Adult intestinal stem cells (ISCs) reside at the crypt base, where they continuously proliferate to maintain homeostasis of the intestinal epithelium. As a result of a lifetime of cell division, these LGR5+ ISCs face the combined risk of genomic mutations and telomere attrition. In this issue of EMBOJ, Schepers et al (2011) examine whether ISCs employ telomerase expression and asymmetric chromosome segregation to protect their genome.
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The intestinal epithelium sheds hundreds of millions of cells every day, placing considerable replicative strain on the stem cells located at the crypt base. Elegant lineage‐tracing experiments have established the ability of LGR5‐expressing cells to stably contribute to all epithelial lineages over long chase periods, thus firmly establishing them as ISCs (Barker et al, 2007). These LGR5+ ISCs receive self‐renewing signals from Paneth cells, a terminally differentiated epithelial cell found intercalated between the ISCs (Sato et al, 2011). In contrast to most other adult stem cells, LGR5+ cells are in a chronically activated state, cycling once a day on average. This puts ISCs at risk of accumulating genetic lesions and suffering from telomere‐induced senescence.
Telomeres are nucleoprotein structures that protect chromosome ends from recombination and degradation. Telomeres shorten with cell division due to the end‐replication problem, but this shortening is countered by telomerase, an enzyme consisting minimally of a catalytic subunit, TERT and an RNA‐template component, TERC. Telomere attrition causes replicative senescence or apoptosis in cultured human cells, and in telomerase knockout mouse tissues telomere shortening promotes cell death of progenitor cells and impairs self‐renewal of stem cells. Telomerase is regulated in part at the level of TERT transcription, and there is increasing evidence that telomerase is restricted in its expression pattern to a subset of stem cells or progenitor cells. A longstanding goal in the field has been to determine precisely the identity of telomerase‐positive cells in normal adult tissues. To address this question, Schepers et al (2011) FACS‐isolated LGR5+ ISCs, and directly measured telomerase activity by the telomere repeat amplification protocol (TRAP) assay. ISCs expressed the highest level of telomerase activity, whereas telomerase expression was reduced in the transit‐amplifying cells of the crypt and was absent in the differentiated epithelial cells of the villi (Figure 1). A recent study using a transgenic TERT‐GFP reporter also localized TERT expression to the crypts, but found that TERT was expressed only in very rare crypt cells, perhaps reflecting the relative weakness of the TERT promoter compared with the sensitivity of the TRAP assay (Montgomery et al, 2011). The pathways that lead to specific telomerase expression in LGR5+ ISCs and the progenitor cells they give rise to it are unknown, and it will be important to understand this regulation in depth. Additionally, it remains unclear whether the reduced telomerase expression in progenitor cells reflects downregulation on a per‐cell basis, and/or a restriction of expression to a subset of committed progenitor subtypes, as in the haematopoietic system (Morrison et al, 1996).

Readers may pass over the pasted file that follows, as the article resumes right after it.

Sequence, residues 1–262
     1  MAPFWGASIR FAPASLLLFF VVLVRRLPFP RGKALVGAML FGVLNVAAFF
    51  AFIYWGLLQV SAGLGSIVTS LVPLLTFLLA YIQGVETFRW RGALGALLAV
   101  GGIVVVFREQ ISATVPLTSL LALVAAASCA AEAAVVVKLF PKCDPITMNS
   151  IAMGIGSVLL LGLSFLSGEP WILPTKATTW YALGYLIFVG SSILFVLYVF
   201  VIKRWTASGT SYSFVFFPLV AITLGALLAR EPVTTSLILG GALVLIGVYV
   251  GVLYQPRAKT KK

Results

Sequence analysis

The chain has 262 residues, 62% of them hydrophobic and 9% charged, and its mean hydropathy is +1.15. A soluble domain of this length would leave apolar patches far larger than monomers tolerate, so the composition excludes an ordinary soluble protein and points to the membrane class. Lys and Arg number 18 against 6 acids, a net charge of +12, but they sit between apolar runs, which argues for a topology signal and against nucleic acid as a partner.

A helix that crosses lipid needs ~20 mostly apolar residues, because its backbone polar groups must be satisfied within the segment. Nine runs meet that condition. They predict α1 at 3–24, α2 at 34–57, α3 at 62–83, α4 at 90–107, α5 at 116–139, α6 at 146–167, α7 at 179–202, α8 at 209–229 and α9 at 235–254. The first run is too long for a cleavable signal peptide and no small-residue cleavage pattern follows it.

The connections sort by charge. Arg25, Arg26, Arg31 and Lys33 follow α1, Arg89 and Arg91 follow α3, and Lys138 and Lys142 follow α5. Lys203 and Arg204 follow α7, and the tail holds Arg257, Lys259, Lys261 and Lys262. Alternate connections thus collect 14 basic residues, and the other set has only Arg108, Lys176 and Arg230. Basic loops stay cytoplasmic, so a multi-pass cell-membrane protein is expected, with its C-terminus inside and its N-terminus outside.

Despite telomerase expression, Schepers et al (2011) observed telomere shortening with age in ISCs, suggesting that telomerase levels were insufficient to fully prevent telomere shortening during division of these stem cells. Telomerase knockout experiments have supported the idea that the enzyme serves a critical function in the intestinal crypt. Intercrossing telomerase knockout mice (to deplete the very long telomere reserves of laboratory mice) results in high rates of apoptosis in crypt progenitor cells, as dysfunctional telomeres initiate a cell death response (Wong et al, 2000). An intriguing possibility is that TERT is expressed in ISCs, not only for its role in maintaining telomere reserves, but also for its non‐telomeric functions, such as in supporting Wnt signalling activation (Park et al, 2009). Regardless, these experiments highlight LGR5+ ISCs as a powerful system for studying telomerase biology in an endogenous in vivo setting.
In a second set of experiments, Schepers et al (2011) re‐examined the crypt base for signs of asymmetric segregation of all chromosomes (ASAC) during cell division. Such events would be consistent with the ‘immortal strand hypothesis’, the idea that stem cells shunt newly synthesized DNA strands to non‐stem daughter cells to avoid DNA mutations caused by replication errors (Cairns, 1975). Within the limited number of events examined, Schepers et al (2011) never saw ASAC at the crypt base. This is consistent with a recent report by Falconer et al (2010), who used a sophisticated DNA‐labelling method to answer the same question in the mouse colon. They also never observed ASAC, but did measure a pattern of sister chromatid segregation that was non‐random, implying that there may indeed be regulation controlling how sister chromatids are apportioned as ISCs divide. Both of these reports contrast with the findings of Quyn et al (2010), who did observe ASAC in roughly half of the cell divisions at the crypt base. However, these cells had recently recovered from irradiation‐induced stem cell depletion, a context that could change the homeostatic patterns of cell division and DNA segregation. Especially useful would be a means of tracking the fates of cells receiving new and old chromosomes, to impart biological significance to the patterns observed. A definitive resolution to the immortal strand controversy awaits further experimentation, as does the discovery of the full repertoire of tools that ISCs use to protect their genome.
Conflict of Interest
The authors declare that they have no conflict of interest.
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